Ceramics in Burma (Myanmar)

View all related objects in the collections


A lengthy and complex timeline of ceramic production within the area covered by modern Burma (Myanmar) is gradually taking shape as the result of quite recent research. The documented production spans a rich variety of both unglazed and glazed earthenware and stoneware.


The complex variety of modes of earthenware production in present-day Burma has been documented by the field work of Charlotte Reith (Reith 1997, 1998, 1999, 2003; Cort et al 1997), Mick Shippen (2005), and others, which provides a framework for looking back into the history of earthenware production in this region.

Meanwhile, the first excavation of a historic earthenware production site in Mainland Southeast Asia has offered another perspective. Two large middens in the Otein Taung ("potters' hill") site in eastern Pagan were excavated in 1999–2000 by Bob Hudson (Hudson et al 2001). Radiocarbon dates showed that the site was possibly active by the eighth century and certainly during the ninth and tenth centuries. Predating the creation of the monumental center of Pagan, this site may have been operated by Pyu potters representing an earlier phase of habitation.

The mounds proved to be full of earthenware sherds and were identified as likely production sites, resembling the mounds of ceramic debris still used for firing by potters nearby. The lack of evidence of updraft kilns underscores the likelihood that firing was done in open bonfires. The wares—as identified by Burmese excavators on the basis of personal use of similar vessels—included water pots, cooking pots, and plates, as well as many straight spouts of sprinkler pots (kendi).

The tools found included several earthenware anvils. A solid clay tube (10 cm. long, 1.8 cm. diam.) bearing a carved pattern of "spokes of a wheel" on one end was interpreted as possibly a stamp for impressing designs on pots. One pot from the site was caked on the inside with bright-red fired clay that was interpreted as slip. Some sprinkler pots from the site were coated with red slip. These components bear a thought-provoking resemblance to certain later earthenware lineages, including the stamp-decorated cooking pots painted with red slip recovered from the river near Ayutthaya (S2005.353–363). Slip plays a role in the red-fired and black-fired earthenware vessels still made at kilns in eastern Shan State. The age and origin of this production are uncertain. Red-slipped, burnished water bottles are also made in Mung Kung village near Chiang Mai by potters said to be descendants of Burmese immigrants (Katz 1991). Updraft kilns are used to fire the bottles either red or black.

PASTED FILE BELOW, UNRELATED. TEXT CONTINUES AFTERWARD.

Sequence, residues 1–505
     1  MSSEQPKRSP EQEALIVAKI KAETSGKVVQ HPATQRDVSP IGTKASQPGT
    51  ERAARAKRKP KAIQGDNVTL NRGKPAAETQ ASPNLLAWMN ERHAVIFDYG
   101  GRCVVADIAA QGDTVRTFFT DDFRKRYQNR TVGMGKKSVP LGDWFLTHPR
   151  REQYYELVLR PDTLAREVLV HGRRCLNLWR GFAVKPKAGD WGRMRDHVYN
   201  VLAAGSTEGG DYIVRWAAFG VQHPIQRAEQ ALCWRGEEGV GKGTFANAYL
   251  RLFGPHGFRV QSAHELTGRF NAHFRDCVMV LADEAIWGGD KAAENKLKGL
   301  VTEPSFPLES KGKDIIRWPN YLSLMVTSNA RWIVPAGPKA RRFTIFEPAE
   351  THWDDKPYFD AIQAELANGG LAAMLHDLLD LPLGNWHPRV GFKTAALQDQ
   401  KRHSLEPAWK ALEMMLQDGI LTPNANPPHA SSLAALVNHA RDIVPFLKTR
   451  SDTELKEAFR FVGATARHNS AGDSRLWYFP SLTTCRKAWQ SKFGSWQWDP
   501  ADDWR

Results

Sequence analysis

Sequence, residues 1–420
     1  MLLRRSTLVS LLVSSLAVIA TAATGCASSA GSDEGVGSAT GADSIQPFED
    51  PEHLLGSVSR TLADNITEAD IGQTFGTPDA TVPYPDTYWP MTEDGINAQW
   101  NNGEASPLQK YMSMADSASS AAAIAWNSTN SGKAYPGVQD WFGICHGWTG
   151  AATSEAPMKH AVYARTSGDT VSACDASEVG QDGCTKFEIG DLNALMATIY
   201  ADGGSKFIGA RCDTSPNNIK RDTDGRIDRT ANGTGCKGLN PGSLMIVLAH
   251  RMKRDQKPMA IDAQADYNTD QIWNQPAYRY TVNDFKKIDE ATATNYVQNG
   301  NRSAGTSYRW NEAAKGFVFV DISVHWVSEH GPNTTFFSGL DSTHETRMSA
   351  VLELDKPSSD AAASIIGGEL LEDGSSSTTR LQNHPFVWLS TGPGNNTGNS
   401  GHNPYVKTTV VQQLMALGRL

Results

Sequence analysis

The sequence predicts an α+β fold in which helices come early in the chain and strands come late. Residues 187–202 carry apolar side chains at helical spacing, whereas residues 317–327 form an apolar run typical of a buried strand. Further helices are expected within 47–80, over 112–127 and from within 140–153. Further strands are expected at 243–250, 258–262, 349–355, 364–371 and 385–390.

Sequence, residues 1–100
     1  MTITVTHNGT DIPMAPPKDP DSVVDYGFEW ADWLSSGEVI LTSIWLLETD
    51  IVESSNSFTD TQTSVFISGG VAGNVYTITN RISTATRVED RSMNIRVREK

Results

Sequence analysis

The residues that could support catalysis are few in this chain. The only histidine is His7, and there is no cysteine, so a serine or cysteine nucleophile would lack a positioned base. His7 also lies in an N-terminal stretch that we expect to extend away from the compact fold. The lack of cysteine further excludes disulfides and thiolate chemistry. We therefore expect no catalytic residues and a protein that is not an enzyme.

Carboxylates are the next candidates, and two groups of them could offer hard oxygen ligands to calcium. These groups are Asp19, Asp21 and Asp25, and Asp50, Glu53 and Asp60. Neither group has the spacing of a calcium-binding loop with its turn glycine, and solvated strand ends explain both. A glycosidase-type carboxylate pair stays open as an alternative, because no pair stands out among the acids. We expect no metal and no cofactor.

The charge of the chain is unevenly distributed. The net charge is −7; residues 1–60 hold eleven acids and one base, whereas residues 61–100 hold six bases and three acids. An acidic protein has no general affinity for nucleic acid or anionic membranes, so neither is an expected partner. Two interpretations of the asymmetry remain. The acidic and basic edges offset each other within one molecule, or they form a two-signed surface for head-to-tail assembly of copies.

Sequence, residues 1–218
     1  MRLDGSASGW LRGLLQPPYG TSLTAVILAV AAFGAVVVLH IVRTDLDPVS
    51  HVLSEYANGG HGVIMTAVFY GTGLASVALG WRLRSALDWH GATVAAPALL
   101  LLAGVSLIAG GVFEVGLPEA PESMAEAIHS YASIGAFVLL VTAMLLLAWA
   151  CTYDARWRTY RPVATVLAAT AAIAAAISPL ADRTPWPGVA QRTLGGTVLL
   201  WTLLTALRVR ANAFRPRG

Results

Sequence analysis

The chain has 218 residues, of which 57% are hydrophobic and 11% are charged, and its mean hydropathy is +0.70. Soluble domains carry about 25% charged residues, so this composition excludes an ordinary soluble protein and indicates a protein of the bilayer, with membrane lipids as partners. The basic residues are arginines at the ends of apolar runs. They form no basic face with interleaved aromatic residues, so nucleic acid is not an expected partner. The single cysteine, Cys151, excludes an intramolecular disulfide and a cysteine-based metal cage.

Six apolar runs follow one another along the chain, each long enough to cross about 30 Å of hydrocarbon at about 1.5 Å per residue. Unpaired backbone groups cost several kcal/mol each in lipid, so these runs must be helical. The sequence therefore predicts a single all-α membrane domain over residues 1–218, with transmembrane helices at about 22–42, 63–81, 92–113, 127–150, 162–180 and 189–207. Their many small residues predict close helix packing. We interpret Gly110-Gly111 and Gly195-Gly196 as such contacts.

Earthenware and stoneware

Vessels identified as originating from kilns in Twante in the Irrawaddy delta during the fifteenth and sixteenth centuries offer a curious bridge between the usually distinct repertories of earthenware and stoneware (Tsuda 2005). Records from the thirteenth century show that Twante was known then as a center for earthenware (Luce 1970, vol. 1, 20, n. 61), as it is today (Lefferts 1988). These vessels are shaped like earthenware pots, and their wide mouths, globular bodies, and round bases were formed using earthenware techniques, including the use of paddle and anvil. They were decorated with bands of stamped motifs on the shoulder. However, they were made with stoneware clay and fired to stoneware temperature, with an overall coating of green wood-ash glaze (Guy 1989, 9, fig. 9, pl. 1). These rare vessels offer important evidence for the close juxtaposition of the two ceramic traditions in some regions of Mainland Southeast Asia (attentive archaeology may reveal more) and raise the possibility that stoneware production was introduced to a site where earthenware production was already concentrated and well developed.

A source for the widely used stamped or rouletted motifs on mid-first-millennium earthenware ceramics in Mainland Southeast Asia has been proposed in Arikamedu on the Coromandel coast of southeastern India (Aung Thaw 1968; Begley 1988). At the same time, the pictorial stamps used on the shoulders of the glazed stoneware pots from Twante raise questions about cultural relationships between similar pictorial motifs stamped on Dvaravati earthenware from the Lopburi region and those on unglazed gray stoneware made at the Ban Bang Pun kilns.

Glazed earthenware

Glazed earthenware is a distinctive and long-standing product of kilns within Burma. The characteristic coating is a lead-silicate mixture opacified with tin and tinted with copper or iron oxide. Uncommon elsewhere in Southeast Asia, this glaze suggests a relationship to the tin-opacified lead glaze developed in West Asia in the ninth century (Di Crocco and Schulz 1985). Early surviving products give important evidence for both terminology and technology.